The Wilderness’ Anticipated Debut Doesn’t Disappoint

The Wilderness do not do things the way that you want them to do them.  Most bands seem to be in a full-out sprint to put out their debut album.  I’ve seen bands put out an album before they have even played a show. For the most part, rushing into an album is an ill-advised decision.  It isn’t until these bands continue to play, fine-tune their craft, and put out a second release that you really start to see the potential.

The Wilderness, however, have waited something like five years to put out their debut album.  For over a year now I have known they were working on this record, and for a while I legitimately started to wonder if it ever was going to surface.  But it did, and it did in a big way. 

The Wilderness surely know that the trend right now is to put out more succinct, shorter songs, so what did they do?  They put out a five track album that runs just under 30 minutes.  And at a time when bands seem to be cutting corners to save costs, the Wilderness are issuing the album on CDs, vinyl and download cards.  Plus they worked with the creme de la creme in terms of mixers (Dean Marino of Chemical Sound, Noah Mintz of Lacquer Channel).  So while it did take a while — a long while — they are doing this release up proper.

Well respected as one of the most dynamic live bands in the city, the Wilderness now try to capture that sound on their debut self-titled album and I think they do a strong job at doing so.  Album opener “Systems” begins with an awesome synth part before bursting into a huge sounding, dark, dance rock anthem.  I love this song live and the recording does not disappoint.

In fact, I personally feel that hearing such a solid recording from the band can only help but have people realize that the balloons, the glitter, the bubbles and all the other fun stuff that the Wilderness incorporate into their live show is to add to the experience like something you would expect at a Flaming Lips concert, as opposed to a distraction from the music itself.

The sequencing on the album is one of its strongest suits.  Every song leads into another in an effortless flow that makes you question whether or not the track did in fact switch.  “Real Politik” is a banger and a half!  Lee Piazza, if you’ve ever had the chance to speak to him, is a very passionate individual and that passion is one of his strongest assets as a performer.  Never is it stronger on the album than it is with “Real Politik.”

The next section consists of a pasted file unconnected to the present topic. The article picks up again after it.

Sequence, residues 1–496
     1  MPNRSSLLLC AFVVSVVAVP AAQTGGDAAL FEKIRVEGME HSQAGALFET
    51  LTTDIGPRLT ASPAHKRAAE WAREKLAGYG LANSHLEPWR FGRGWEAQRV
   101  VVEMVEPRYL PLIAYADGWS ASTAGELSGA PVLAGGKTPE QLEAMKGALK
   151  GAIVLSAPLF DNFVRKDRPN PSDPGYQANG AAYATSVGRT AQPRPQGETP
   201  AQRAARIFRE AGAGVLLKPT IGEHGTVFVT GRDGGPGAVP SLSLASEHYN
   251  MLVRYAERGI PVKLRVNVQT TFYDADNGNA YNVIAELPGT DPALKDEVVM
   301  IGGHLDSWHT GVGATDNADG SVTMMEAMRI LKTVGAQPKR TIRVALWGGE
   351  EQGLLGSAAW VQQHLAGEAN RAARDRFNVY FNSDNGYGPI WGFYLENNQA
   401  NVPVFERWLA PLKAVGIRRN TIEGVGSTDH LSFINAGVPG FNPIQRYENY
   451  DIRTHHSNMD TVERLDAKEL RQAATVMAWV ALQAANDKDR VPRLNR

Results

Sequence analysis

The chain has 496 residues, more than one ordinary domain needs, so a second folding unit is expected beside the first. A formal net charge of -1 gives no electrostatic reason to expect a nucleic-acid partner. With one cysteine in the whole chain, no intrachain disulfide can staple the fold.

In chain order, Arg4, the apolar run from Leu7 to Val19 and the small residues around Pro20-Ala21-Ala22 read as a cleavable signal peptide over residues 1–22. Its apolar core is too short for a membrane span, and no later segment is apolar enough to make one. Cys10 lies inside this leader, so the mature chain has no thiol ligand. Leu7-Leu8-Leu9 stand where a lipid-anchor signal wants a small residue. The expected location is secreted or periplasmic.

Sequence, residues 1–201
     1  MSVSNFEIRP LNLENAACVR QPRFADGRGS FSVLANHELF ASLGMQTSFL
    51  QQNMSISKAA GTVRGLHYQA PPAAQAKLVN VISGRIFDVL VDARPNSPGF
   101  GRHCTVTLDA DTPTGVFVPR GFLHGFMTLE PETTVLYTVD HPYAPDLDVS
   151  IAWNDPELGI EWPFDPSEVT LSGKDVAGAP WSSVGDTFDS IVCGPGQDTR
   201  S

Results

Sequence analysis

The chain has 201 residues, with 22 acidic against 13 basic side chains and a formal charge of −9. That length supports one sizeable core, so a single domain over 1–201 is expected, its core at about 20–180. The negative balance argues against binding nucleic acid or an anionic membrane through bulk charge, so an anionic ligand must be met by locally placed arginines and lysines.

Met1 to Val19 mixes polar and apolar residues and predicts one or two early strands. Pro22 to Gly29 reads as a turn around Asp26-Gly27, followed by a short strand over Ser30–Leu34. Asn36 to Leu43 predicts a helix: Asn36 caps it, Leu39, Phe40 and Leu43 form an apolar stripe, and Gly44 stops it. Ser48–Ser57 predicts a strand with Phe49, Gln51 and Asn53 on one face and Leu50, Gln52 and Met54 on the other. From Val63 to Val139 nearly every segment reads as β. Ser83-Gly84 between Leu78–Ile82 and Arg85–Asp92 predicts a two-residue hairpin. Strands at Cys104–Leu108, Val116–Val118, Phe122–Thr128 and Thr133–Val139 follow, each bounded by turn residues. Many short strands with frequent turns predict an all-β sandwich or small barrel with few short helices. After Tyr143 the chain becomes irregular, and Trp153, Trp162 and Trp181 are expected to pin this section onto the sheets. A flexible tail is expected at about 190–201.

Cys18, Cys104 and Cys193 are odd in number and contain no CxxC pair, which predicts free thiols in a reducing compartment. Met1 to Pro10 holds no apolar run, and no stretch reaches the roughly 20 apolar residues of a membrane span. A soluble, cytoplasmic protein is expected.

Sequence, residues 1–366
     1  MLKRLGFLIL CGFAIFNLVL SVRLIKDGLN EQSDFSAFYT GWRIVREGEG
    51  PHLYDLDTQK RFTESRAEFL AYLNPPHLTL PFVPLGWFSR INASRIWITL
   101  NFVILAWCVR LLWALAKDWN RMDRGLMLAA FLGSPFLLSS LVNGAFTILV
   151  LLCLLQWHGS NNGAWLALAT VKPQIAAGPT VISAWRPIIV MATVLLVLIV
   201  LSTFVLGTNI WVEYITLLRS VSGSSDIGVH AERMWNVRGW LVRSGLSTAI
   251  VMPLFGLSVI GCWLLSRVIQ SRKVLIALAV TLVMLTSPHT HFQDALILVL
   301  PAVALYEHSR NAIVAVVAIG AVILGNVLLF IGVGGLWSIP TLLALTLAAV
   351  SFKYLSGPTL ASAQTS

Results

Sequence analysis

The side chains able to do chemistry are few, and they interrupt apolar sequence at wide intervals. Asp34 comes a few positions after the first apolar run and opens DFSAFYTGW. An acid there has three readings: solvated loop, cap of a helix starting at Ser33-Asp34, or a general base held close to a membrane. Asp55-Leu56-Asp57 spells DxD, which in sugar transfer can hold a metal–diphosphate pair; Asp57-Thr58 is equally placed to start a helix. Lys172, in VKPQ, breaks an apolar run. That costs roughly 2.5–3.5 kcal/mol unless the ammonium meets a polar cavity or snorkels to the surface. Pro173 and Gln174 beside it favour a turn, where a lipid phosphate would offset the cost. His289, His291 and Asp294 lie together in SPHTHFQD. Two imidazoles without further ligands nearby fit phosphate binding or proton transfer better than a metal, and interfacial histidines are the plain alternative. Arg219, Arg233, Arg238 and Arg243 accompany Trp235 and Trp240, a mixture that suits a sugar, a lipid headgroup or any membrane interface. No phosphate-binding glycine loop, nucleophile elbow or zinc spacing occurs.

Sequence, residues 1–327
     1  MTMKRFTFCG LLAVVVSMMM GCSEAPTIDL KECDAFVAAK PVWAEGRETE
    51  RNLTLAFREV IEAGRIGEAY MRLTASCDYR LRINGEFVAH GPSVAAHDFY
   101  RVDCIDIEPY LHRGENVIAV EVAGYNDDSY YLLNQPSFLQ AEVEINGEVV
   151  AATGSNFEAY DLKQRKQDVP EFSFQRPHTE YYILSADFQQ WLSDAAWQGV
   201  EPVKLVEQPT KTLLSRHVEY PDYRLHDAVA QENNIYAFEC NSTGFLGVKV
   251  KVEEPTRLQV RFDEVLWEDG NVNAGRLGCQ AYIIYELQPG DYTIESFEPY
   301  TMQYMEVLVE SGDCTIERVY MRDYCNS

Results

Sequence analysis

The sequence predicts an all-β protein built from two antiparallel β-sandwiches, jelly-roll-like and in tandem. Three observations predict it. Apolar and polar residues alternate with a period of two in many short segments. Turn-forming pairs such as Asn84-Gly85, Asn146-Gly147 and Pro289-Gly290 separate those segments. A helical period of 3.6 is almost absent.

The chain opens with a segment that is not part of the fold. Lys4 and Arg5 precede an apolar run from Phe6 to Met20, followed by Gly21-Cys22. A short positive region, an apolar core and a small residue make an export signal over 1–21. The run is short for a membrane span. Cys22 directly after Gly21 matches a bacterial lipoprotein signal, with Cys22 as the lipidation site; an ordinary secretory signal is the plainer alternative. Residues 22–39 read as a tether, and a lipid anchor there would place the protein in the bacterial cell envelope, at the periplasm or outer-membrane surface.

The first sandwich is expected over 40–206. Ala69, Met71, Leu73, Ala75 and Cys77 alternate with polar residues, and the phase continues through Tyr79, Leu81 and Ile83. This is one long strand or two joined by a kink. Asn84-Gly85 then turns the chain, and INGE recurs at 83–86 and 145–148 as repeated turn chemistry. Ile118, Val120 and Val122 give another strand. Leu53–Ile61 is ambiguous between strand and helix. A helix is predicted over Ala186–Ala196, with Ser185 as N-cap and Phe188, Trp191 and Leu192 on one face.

But what this album does for me as a listener is really highlights just how talented the rest of the Wilderness are.  Watching them live it is difficult not to find yourself following Lee’s every move.  But on this album they are truly a band, whether it’s the huge drum performance from Chris Mason, the driving guitar that provides the road map for where these songs are going, or the massive bass that pretty much insists you not passively listen to the record. This is the Wilderness as one.

The Wilderness release their album on November 20th at the Horseshoe Tavern with a wicked lineup of local acts that I strongly recommend you go check out.  Alas, I’ll be in Mexico — which doesn’t suck, but it will suck to miss the show.  Also on the bill are:

The Cautioneers: Been taking some time off from the music scene themselves to work on their debut album, which is one that I very much look forward to.  A huge folk driven, high energy sound that explodes more than you think it might from that description.

Polynesian Bride: An 11-piece collective of musicians playing all sorts of instruments who have an indie-rock meets Animal Collective thing going on.

Krupke: Everyone’s favourite art-rockers fresh off an East Coast tour play the Horseshoe Tavern again.  Their performance is not to be missed and will be their last for a considerable amount of time.

The fb event is here:

And here is “Systems” for you to listen to and hear for yourself and get pumped up for the show!


Dan Wolovick —


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